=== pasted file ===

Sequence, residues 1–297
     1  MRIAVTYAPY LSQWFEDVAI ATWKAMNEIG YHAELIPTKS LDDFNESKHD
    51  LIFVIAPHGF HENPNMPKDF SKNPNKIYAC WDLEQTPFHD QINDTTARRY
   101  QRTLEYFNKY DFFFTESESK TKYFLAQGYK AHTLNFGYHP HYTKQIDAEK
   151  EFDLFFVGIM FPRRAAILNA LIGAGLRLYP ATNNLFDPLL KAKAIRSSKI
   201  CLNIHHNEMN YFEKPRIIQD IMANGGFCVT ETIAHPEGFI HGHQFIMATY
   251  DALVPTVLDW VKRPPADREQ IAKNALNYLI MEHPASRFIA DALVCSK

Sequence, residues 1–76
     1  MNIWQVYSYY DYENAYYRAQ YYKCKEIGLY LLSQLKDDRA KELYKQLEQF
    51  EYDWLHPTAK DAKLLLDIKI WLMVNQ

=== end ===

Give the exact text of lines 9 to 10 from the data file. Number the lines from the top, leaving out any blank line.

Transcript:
     1  MNIWQVYSYY DYENAYYRAQ YYKCKEIGLY LLSQLKDDRA KELYKQLEQF
    51  EYDWLHPTAK DAKLLLDIKI WLMVNQ